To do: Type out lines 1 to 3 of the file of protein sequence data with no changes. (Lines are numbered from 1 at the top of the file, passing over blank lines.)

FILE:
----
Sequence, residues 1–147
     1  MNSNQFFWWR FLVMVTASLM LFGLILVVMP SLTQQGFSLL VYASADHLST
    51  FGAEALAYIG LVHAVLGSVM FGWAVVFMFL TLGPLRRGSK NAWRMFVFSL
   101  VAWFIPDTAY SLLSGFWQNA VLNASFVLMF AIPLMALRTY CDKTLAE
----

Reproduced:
Sequence, residues 1–147
     1  MNSNQFFWWR FLVMVTASLM LFGLILVVMP SLTQQGFSLL VYASADHLST
    51  FGAEALAYIG LVHAVLGSVM FGWAVVFMFL TLGPLRRGSK NAWRMFVFSL